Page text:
1. Pop the cap on income subject to FICA tax. If it's income, it pays FICA tax.
2. Include all forms of income to FICA tax. If it's income, it pays FICA tax.
3. Means-test the benefit to eliminate the 'millionaire's entitlement.'
4. Tax property as well as income.

Do these things, and then if using the Trust Fund to finance private enterprise, make the government a partner in the business venture, sharing all profit as well as all risk. This, of course, transforms the economy into a corporate socialism (which might properly be called 'fascism' by some definitions) but who's quibbling over terms?

Posted by: Jon Koppenhoefer at January 16, 2005 12:53 AM

Why not stop apologizing for the right we have earned to full Social Security benefits? Simply changing wage indexing to price indexing for public pension benefits in England has quickly helped to destroy the value of English pensions. There is no problem with affording full benefits for Social Security. The Administration wishes to convince us there is more than a problem, rather a crisis. Nonsense. The need is to preserve the government's promise to us all these years.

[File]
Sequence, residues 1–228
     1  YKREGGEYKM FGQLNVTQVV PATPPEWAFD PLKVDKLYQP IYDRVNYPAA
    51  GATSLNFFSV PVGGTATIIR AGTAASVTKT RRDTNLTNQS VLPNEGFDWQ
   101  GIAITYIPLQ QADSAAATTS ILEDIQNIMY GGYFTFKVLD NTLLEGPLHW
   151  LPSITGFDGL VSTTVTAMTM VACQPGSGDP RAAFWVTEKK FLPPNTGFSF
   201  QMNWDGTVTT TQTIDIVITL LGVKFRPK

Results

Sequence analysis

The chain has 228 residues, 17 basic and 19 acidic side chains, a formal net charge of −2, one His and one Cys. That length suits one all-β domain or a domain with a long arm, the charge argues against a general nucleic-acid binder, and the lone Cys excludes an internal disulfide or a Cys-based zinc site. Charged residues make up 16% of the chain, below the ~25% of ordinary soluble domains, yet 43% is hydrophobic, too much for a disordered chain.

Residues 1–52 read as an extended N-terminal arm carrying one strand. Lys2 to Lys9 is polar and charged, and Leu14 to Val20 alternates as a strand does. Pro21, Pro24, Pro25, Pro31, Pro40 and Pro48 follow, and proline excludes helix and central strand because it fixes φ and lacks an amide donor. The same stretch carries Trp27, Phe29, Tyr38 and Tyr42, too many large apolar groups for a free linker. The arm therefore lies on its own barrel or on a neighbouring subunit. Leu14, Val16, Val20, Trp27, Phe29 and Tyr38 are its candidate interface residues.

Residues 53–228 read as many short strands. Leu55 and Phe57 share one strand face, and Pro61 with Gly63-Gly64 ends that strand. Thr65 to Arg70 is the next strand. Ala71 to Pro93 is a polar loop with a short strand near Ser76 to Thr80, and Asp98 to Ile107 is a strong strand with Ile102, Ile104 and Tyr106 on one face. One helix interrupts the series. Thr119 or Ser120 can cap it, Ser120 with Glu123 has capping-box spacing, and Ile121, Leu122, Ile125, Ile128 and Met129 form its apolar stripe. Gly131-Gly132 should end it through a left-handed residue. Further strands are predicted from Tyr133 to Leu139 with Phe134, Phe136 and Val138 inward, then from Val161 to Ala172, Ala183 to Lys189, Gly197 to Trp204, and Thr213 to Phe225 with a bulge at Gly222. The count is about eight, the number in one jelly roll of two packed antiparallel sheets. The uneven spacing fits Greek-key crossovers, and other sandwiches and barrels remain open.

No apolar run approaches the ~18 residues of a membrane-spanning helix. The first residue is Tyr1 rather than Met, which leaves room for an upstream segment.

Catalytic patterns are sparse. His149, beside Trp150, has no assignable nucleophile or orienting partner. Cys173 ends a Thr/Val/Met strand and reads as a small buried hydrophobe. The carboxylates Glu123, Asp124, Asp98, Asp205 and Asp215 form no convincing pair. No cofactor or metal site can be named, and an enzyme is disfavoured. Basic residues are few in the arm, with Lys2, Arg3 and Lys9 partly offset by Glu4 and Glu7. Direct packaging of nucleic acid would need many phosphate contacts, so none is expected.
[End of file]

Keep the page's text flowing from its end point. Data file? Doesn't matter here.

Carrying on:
Posted by: anne at January 16, 2005 02:55 AM


"Put all state and local employees into the system. At the moment, 3.7 million such employees pay no payroll taxes, even though many of them end up receiving Social Security benefits anyways...."

This point by Bradford Plumer is useful.

Also though I am not opposed to investing a portion of the Social Security trust fund in a total stock market index with non-voting shares, there will need to be provision of enough of a surplus from payroll taxes to do this. Can payroll taxes be raised even slightly at this time?